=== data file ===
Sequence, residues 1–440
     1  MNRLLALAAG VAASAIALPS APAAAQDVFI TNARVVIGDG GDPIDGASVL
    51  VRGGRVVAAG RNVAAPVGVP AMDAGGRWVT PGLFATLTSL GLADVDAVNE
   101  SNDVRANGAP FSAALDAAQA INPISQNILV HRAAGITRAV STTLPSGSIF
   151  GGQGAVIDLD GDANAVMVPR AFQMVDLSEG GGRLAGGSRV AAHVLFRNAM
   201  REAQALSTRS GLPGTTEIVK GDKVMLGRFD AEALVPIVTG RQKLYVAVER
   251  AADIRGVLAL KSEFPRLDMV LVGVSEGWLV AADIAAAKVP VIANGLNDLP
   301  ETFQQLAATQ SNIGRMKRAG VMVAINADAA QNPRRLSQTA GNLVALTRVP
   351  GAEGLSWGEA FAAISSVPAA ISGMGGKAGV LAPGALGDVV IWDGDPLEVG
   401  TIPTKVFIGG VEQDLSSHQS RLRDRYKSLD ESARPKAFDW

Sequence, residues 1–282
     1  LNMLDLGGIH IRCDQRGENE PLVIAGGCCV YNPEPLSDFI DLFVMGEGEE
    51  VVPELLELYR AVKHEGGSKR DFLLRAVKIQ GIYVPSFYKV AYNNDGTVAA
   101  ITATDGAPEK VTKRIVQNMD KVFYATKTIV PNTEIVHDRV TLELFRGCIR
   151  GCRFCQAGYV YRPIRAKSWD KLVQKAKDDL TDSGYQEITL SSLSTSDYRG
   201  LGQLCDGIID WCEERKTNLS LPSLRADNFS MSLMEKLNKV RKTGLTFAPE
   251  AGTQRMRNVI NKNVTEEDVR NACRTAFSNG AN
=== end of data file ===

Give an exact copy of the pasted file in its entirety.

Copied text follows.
Sequence, residues 1–440
     1  MNRLLALAAG VAASAIALPS APAAAQDVFI TNARVVIGDG GDPIDGASVL
    51  VRGGRVVAAG RNVAAPVGVP AMDAGGRWVT PGLFATLTSL GLADVDAVNE
   101  SNDVRANGAP FSAALDAAQA INPISQNILV HRAAGITRAV STTLPSGSIF
   151  GGQGAVIDLD GDANAVMVPR AFQMVDLSEG GGRLAGGSRV AAHVLFRNAM
   201  REAQALSTRS GLPGTTEIVK GDKVMLGRFD AEALVPIVTG RQKLYVAVER
   251  AADIRGVLAL KSEFPRLDMV LVGVSEGWLV AADIAAAKVP VIANGLNDLP
   301  ETFQQLAATQ SNIGRMKRAG VMVAINADAA QNPRRLSQTA GNLVALTRVP
   351  GAEGLSWGEA FAAISSVPAA ISGMGGKAGV LAPGALGDVV IWDGDPLEVG
   401  TIPTKVFIGG VEQDLSSHQS RLRDRYKSLD ESARPKAFDW

Sequence, residues 1–282
     1  LNMLDLGGIH IRCDQRGENE PLVIAGGCCV YNPEPLSDFI DLFVMGEGEE
    51  VVPELLELYR AVKHEGGSKR DFLLRAVKIQ GIYVPSFYKV AYNNDGTVAA
   101  ITATDGAPEK VTKRIVQNMD KVFYATKTIV PNTEIVHDRV TLELFRGCIR
   151  GCRFCQAGYV YRPIRAKSWD KLVQKAKDDL TDSGYQEITL SSLSTSDYRG
   201  LGQLCDGIID WCEERKTNLS LPSLRADNFS MSLMEKLNKV RKTGLTFAPE
   251  AGTQRMRNVI NKNVTEEDVR NACRTAFSNG AN